Oh, yay, Google is set to implement a micropayment system for online content. CNET reports the search giant has confirmed that users will be able to purchase articles for prices between $0.25 and $0.99 apiece.
Google isn’t trying subvert free content, it says the project is experimental and intended to promote creation of “high-quality content” online.
As CNET notes, micropayment systems have never fared well:
Theories for why micropayments have failed to date run the gamut. In the past, they have required users to install new software, hand over sensitive credit card information, navigate complicated interfaces, and make uncomfortable bets on whether a given article will be worth the dollar they have been asked to pay for it. There’s also the fact that in a world where the vast majority of content is free, getting users to pay is difficult.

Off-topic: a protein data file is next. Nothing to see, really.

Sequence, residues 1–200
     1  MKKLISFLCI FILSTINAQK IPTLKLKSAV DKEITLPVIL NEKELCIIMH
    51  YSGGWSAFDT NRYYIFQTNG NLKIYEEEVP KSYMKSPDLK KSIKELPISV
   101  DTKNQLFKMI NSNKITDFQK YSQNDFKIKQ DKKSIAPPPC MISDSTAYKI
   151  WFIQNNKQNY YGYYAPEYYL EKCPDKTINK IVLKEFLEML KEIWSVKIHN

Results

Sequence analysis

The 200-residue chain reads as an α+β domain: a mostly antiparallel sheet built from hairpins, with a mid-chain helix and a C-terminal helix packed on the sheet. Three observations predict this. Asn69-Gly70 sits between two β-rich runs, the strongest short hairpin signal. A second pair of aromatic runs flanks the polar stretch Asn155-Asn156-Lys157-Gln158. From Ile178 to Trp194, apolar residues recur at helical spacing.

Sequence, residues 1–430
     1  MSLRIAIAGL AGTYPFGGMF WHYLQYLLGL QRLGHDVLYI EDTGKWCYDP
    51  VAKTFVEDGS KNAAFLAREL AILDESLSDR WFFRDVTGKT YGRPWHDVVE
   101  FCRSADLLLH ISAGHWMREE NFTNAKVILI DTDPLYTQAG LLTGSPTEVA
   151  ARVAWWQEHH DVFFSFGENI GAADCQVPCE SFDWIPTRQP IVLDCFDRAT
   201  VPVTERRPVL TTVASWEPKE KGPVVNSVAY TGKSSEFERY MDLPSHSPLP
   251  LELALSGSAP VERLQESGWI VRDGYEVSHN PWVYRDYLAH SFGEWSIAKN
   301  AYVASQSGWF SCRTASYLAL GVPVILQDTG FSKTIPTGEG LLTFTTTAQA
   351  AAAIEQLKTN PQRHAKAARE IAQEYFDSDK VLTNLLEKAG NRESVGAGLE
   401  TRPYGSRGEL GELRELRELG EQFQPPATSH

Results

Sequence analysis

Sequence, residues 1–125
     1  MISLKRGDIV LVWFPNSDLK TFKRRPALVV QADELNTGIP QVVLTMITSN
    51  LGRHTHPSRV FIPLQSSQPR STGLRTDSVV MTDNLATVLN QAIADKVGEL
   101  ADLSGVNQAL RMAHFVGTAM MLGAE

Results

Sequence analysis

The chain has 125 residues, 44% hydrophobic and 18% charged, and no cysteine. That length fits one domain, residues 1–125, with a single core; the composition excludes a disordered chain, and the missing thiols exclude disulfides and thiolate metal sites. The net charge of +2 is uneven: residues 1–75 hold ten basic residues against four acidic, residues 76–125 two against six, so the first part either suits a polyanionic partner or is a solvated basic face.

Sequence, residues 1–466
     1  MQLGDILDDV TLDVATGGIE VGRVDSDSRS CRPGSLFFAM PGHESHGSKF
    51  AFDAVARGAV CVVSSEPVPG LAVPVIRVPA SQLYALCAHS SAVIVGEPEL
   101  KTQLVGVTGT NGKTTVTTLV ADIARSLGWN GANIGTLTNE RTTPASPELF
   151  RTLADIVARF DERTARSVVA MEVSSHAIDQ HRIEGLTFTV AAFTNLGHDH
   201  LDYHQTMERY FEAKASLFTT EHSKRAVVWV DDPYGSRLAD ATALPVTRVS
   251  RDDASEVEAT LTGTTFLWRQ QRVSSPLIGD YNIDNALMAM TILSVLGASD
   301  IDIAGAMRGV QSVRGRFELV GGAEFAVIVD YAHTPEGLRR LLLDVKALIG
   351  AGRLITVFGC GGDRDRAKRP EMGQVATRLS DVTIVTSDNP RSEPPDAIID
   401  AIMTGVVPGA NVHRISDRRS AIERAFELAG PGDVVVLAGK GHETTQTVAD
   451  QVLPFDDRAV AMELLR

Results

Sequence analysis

Google’s page on using Wallet already lists “top content creators” that accept Google Wallet payments–they include Oxford University Press and Pearson-owned Peachpit Press, which publishes technology books and ebooks. CNET reports GigaOm and Motley Fool will sell some content using Google Wallet as well.
While monetized pages filled with cute cat videos are probably inevitable with a service like this, Google will make the new service more palatable for consumers by offering immediate refunds if users aren’t satisfied.